The Sun Watcher with Active Pixels and Image Processing SWAP (Berghmans et al. 2006; De Groof et al. 2008; Seaton et al. 2012) is a wide-field EUV solar imager onboard the PROBA2 spacecraft in low-Earth orbit. The PROBA2-SWAP observations consist of a series of images at 174 Å (Fe IX/X at log T ≃ 6.0) taken with a cadence of roughly 100 s. The SWAP images are 1k × 1k with a linear pixel size of approximately 3.17 arcsec, meaning the instrument has a total field of view of approximately 54 × 54 arcmin2.

From the SWAP data archive10, we have selected one FITS file every six hours from October 1, 2010 until June 30, 2011. A SPoCA2 segmentation with six classes was run on this dataset to create a time series of the total intensity and raw area of ARs.

Figure 11 shows an example of the overlay of an AR map onto the corresponding SWAP image. Every color corresponds to a different AR as identified by the SPoCA-suite’s region extraction algorithm. Note that the SPoCA-suite parameters for this analysis were selected in such a way that the detection of AR yields smaller regions than in our EIT analysis and corresponds to the AR core rather than the whole region.

Figure 12a shows the raw AR area and total AR intensity as detected by the SPoCA-suite on 174 Å SWAP images from October 1, 2010 to June 30, 2011. When comparing this to the corresponding time series of the daily International Sunspot Number (ISN) and the F10.7 radio flux in Fig. 12b, we observe a clear correlation, especially between the total AR intensity and both ISN and F10.7. This suggests that the total intensity of ARs in narrow-band EUV imager channels is a good indicator of solar activity, which deserves to be studied in more detail.

3.4. Segmentation of SDO-AIA images

Since May 2010, the Atmospheric Imaging Assembly AIA (Lemen et al. 2012) on board SDO delivers 4k × 4k images of solar corona and continuum at a 10 s cadence and in 10 bandpasses. In this work, we consider the 171 and 195 Å bandpasses.

The SPoCA-suite has been running in near-real time on SDO-AIA data since September 2010 as part of the SDO Feature Finding Project. The resulting AR events are automatically ingested by the HEK, which provides catalogs of ARs and CHs containing properties such as location (through a bounding box or a chain code), area, and statistical moments of intensities. Contours can also be visualized through the isolsearch interface or within the JHelioviewer visualization software, as seen in Fig. 13 which shows a screenshot from the ESA JHelioviewer tool with AR and CH boundary overlay. A third way to access the images and their metadata is offered by the VSO.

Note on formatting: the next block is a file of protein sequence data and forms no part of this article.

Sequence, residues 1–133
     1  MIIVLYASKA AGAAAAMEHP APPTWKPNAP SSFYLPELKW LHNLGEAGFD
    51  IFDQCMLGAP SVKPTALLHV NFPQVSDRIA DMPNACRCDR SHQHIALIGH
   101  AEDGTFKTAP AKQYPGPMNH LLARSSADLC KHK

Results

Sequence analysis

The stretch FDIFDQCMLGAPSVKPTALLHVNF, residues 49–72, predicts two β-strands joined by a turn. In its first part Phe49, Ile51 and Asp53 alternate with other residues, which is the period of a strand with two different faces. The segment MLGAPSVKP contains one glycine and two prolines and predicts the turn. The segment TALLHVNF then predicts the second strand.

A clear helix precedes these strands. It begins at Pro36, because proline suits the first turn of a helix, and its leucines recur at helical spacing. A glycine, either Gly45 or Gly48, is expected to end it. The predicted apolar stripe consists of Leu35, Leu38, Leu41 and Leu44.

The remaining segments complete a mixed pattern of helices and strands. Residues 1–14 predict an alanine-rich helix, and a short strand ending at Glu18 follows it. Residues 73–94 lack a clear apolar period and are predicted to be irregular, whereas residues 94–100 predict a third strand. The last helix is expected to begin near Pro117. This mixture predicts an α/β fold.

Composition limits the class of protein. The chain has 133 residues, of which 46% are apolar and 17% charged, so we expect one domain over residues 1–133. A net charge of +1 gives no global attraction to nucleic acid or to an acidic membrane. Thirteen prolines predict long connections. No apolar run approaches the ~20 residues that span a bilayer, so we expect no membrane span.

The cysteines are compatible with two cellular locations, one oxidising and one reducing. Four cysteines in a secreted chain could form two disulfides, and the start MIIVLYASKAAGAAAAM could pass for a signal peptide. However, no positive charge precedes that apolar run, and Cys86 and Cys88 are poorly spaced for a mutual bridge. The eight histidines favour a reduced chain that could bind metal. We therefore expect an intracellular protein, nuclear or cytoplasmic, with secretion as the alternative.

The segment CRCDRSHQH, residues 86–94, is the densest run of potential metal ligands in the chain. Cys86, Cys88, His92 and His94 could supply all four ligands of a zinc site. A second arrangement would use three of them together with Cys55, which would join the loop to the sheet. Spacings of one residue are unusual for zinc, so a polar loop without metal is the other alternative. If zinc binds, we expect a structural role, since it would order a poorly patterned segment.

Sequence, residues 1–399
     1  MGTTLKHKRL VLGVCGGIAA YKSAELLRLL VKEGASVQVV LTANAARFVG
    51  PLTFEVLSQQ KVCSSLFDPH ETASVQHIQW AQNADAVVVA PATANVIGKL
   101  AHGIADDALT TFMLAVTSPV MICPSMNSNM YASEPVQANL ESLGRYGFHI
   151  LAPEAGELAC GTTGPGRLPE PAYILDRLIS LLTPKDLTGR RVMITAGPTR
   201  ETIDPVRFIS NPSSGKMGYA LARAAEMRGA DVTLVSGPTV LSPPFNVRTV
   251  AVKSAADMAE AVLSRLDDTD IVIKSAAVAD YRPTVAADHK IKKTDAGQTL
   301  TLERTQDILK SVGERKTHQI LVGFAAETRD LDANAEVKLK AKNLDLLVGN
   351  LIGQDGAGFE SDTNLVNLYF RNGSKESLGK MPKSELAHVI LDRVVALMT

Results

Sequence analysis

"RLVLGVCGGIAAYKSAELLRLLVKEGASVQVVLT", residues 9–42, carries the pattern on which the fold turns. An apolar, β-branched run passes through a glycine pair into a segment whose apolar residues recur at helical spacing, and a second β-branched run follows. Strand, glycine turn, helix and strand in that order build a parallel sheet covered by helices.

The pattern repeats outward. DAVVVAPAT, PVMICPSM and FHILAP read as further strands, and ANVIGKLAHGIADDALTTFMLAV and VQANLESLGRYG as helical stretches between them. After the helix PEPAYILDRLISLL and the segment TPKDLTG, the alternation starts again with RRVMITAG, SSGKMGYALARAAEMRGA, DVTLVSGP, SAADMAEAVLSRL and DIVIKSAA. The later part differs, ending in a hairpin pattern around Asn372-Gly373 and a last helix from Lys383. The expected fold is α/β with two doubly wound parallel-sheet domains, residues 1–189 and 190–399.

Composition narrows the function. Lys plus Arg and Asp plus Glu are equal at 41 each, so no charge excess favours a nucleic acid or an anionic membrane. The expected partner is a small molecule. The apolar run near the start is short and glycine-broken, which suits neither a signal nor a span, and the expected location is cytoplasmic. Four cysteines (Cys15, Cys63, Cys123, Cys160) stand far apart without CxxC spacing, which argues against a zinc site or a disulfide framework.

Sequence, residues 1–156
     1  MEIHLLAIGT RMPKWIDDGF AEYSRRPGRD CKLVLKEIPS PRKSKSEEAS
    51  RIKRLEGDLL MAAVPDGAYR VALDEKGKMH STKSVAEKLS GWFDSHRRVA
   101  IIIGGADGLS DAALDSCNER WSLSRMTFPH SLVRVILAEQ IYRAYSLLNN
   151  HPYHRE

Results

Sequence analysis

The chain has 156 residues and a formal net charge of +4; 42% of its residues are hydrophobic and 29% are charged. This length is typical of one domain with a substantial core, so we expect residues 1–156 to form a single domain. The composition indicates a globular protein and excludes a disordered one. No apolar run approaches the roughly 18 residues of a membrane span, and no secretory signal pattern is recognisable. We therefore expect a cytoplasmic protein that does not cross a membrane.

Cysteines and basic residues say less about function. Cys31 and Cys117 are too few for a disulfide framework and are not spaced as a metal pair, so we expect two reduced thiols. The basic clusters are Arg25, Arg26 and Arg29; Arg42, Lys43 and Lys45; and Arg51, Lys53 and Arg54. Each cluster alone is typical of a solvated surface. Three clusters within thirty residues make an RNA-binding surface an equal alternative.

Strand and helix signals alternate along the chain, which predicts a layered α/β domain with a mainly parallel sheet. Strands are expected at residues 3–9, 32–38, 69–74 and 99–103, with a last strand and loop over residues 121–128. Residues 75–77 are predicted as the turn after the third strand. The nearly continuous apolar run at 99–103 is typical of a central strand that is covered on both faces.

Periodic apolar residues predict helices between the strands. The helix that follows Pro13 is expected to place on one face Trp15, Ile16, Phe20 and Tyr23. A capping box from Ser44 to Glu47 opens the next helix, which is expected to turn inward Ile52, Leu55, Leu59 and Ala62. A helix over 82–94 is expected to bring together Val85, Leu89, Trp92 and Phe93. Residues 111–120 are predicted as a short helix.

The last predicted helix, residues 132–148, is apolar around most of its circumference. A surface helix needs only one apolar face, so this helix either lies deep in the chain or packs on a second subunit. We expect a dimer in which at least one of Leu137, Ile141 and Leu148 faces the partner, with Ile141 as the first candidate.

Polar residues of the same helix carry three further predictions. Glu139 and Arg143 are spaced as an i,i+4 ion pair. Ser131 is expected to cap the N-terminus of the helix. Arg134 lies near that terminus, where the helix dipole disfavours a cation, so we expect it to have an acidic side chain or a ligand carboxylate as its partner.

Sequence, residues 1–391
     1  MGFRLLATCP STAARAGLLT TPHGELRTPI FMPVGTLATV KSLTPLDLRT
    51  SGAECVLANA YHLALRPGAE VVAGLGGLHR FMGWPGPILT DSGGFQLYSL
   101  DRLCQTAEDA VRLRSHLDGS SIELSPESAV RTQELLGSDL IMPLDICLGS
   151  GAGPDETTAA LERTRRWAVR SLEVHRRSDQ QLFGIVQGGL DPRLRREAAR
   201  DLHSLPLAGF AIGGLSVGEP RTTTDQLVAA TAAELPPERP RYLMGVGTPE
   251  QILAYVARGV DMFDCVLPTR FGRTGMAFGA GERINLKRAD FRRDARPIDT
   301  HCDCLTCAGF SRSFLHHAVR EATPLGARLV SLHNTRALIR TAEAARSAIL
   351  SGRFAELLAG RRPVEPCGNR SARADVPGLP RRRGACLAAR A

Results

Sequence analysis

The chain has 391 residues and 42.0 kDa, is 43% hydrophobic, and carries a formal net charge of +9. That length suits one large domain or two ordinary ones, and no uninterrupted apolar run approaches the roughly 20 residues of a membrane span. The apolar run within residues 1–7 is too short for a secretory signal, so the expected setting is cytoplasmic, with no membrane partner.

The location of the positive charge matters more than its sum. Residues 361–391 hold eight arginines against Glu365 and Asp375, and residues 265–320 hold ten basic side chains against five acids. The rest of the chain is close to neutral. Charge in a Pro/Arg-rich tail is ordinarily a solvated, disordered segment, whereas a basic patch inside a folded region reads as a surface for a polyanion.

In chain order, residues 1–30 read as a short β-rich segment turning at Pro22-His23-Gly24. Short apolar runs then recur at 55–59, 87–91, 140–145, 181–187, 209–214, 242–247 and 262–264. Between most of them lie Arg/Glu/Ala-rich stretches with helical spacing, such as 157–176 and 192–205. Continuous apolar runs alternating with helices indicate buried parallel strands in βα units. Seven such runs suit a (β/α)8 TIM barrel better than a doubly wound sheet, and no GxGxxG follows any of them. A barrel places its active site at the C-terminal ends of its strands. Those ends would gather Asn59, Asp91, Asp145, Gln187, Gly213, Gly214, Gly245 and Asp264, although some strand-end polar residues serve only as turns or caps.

To avoid prohibitive computation time on the 4k × 4k AIA images, iterations of the fuzzy clustering are done on the histogram of the preprocessed images rather than on the preprocessed images themselves. A bin size of 0.01 DN/s was found to be sufficiently small to produce accurate results. Histogram-based FCM yields the best results for extracting CHs out of the (almost noise free) 193 Å AIA images, whereas the histogram-based PCM2 algorithm is employed to detect ARs on AIA 171 Å and 193 Å images. The images were preprocessed by dividing by exposure time, correcting for limb brightness enhancement, and dividing by the median value.

thumbnail Fig. 12

a) (top) Raw AR area and total AR intensity from 174 Å SWAP images; and b) (bottom) Daily International Sunspot Number and F10.7 radio flux from October 1, 2010 to June 30, 2011.

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thumbnail Fig. 13

Screenshot from the ESA JHelioviewer tool. The picture on the right displays the AIA 171 Å image taken on February 12, 2012 at 9:15:56 UT with AR and CH location and chain code information that are recorded in the HEK. An event information window pops up when clicking on an event or feature (here the large CH located in the Southern hemisphere).

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thumbnail Fig. 14

a) (left) Overlay of an AR map created using AIA 171 and 193 Å onto the corresponding AIA 171 Å image taken on June 22, 2011 around 15h UT. b) (right) Overlay of a CH map created using AIA 193 Å onto the corresponding AIA 193 Å image taken on May 17, 2010 around 15h UT.

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thumbnail Fig. 15

Filling factor of AR, QS, and CH obtained from segmenting AIA 171 and 193 Å images from January 1 until December 31, 2011.

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Figure 14 shows an example of overlays of AR and CH maps onto the corresponding AIA images. Every color corresponds to a different AR or CH as identified by the SPoCA-suite’s region extraction algorithm.

In Fig. 15, we present the AR, QS, and CH filling factor computed on a dataset of 12 months ranging from January 1 until December 31, 2011 at a twelve hour cadence. The solar rotation of about 27 days is noticeable (especially in the CH filling factor), but other periodicities (with a period of around 9 days) also seem to be present, similar to what was observed for CH by Temmer et al. (2007) based on GOES-SXI images. In this study, please note that we have selected SPoCA parameters such that the AR detections correspond to the AR cores, which results in much lower AR filling factors than in our EIT study.

4. Conclusions

We have introduced a set of segmentation procedures (called the SPoCA-suite) that allows users to retrieve active region (AR) and coronal hole (CH) properties from EUV images. The SPoCA-suite consists of the algorithms FCM, PCM, PCM2, SPoCA, and SPoCA2, and of histogram-based versions. The main segmentation algorithms in the SPoCA-suite and their output were described in detail in Sect. 2, along with pre- and postprocessing, region extracting, and tracking of individual regions over time.